After Illinois, Rhode Island in Hot Seat Over Bond Offerings
The Securities and Exchange Commission has expanded its investigation into bond offerings of municipalities to include Rhode Island, State General Treasurer Gina Raimondo said on February 3 after the SEC told her about the move in a phone call.
Raimondo, however, said the SEC did not give her complete details of the investigation relating to Rhode Island‘s bond offerings nor did the regulators ask for the necessary data from her office. But she added the state is willing to cooperate with the SEC’s probe.
Late last month, the SEC has also started investigating the state of Illinois relating to its pension funds disclosure to find out whether it provided the necessary information to the buyers of bond or misled them from the actual magnitude of risk they were facing.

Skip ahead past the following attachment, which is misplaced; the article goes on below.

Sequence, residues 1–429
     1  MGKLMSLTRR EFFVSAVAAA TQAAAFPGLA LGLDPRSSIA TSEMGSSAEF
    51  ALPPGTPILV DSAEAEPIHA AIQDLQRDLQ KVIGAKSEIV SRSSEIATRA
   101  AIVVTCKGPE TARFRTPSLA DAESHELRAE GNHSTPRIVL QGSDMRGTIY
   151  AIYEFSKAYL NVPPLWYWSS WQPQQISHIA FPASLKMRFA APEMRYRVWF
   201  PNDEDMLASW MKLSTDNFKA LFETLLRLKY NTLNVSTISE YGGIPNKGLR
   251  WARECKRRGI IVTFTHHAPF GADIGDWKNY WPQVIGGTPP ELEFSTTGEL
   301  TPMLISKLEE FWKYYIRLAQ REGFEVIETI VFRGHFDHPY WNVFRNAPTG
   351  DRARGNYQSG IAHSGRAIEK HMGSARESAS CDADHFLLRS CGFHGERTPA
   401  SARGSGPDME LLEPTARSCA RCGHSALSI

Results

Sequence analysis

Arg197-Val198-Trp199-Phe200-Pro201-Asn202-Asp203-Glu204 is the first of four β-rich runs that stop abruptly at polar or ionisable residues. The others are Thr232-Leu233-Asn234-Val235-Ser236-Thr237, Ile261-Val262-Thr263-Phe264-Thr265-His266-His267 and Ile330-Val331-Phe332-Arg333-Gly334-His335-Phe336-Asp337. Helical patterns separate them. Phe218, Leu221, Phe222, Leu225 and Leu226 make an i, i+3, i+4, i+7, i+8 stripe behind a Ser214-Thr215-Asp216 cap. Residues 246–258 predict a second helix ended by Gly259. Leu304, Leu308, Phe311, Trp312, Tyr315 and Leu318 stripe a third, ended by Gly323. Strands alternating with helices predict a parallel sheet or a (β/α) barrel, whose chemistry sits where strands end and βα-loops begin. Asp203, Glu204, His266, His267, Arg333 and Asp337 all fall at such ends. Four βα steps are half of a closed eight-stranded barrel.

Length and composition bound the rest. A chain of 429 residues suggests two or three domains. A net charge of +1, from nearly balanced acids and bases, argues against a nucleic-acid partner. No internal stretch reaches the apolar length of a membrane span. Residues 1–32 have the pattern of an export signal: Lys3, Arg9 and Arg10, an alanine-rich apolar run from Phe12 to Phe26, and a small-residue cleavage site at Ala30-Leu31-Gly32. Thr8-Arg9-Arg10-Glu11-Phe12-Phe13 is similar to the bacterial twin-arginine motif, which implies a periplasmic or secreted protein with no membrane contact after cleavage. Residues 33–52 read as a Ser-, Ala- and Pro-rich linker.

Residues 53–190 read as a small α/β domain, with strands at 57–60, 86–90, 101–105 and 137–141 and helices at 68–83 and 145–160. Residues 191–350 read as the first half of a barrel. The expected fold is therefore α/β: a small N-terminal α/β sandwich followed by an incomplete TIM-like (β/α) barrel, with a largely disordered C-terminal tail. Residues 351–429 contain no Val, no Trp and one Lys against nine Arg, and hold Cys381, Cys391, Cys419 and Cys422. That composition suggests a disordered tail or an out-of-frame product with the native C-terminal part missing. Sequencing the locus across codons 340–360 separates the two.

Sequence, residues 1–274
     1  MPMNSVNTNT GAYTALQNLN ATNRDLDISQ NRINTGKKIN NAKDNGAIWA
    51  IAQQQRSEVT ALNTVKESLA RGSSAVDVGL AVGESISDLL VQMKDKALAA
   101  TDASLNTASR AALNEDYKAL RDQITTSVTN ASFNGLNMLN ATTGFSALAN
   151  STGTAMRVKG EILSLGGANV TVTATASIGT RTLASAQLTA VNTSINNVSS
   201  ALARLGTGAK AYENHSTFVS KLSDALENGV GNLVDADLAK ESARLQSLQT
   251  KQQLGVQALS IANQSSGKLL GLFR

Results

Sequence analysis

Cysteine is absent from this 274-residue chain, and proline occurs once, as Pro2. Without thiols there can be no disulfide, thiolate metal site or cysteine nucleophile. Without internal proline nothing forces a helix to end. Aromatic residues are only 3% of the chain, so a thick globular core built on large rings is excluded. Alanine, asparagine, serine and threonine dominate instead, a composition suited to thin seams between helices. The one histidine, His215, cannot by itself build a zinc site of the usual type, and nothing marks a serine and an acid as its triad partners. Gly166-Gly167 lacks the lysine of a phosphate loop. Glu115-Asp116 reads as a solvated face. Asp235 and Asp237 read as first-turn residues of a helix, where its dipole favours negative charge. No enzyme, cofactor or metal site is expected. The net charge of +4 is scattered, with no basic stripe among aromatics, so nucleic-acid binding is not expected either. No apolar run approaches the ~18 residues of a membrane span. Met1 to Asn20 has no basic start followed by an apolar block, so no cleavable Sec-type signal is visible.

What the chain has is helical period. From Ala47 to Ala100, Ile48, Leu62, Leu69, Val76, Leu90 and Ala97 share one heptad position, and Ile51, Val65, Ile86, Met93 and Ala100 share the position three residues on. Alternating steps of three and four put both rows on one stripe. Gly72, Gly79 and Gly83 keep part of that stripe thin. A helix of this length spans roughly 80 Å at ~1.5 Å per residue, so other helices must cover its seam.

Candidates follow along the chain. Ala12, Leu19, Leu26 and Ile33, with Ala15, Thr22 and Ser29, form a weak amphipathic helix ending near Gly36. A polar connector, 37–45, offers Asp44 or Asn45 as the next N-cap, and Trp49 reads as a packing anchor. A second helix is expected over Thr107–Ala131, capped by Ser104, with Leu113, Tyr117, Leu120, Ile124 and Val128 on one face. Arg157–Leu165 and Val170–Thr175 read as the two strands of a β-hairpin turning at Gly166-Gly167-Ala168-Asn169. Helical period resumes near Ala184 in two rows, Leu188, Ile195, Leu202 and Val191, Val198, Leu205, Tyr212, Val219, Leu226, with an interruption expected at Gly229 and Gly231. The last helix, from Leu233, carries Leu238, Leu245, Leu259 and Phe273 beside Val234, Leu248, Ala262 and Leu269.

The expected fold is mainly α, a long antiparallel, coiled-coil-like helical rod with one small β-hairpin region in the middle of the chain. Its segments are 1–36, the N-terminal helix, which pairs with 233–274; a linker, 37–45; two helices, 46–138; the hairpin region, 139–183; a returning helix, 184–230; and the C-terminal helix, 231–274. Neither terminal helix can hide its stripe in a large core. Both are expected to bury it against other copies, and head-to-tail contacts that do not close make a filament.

The first securities fraud charges have been filed against New Jersey in August 2010 for not giving municipal bond investors sufficient information on pension funds, which is necessary to assess the financial position of the state, and for alleging that it had assets, which were actually non-existent. New Jersey settled SEC’s charges without admitting or denying the allegations.
Raimondo said Rhode Island has a projected unfunded pension liability of approximately $4.7 billion. Investors may face higher risk with large unfunded pension liability, which subsequently affects the pension’s bond ratings leading to higher cost of borrowing money.
Raimondo said she has already started her own investigation into how her department discloses information to bond investors even before the SEC bared its own version of the inquiry, and added there is currently no problem with the bond disclosures of Rhode Island.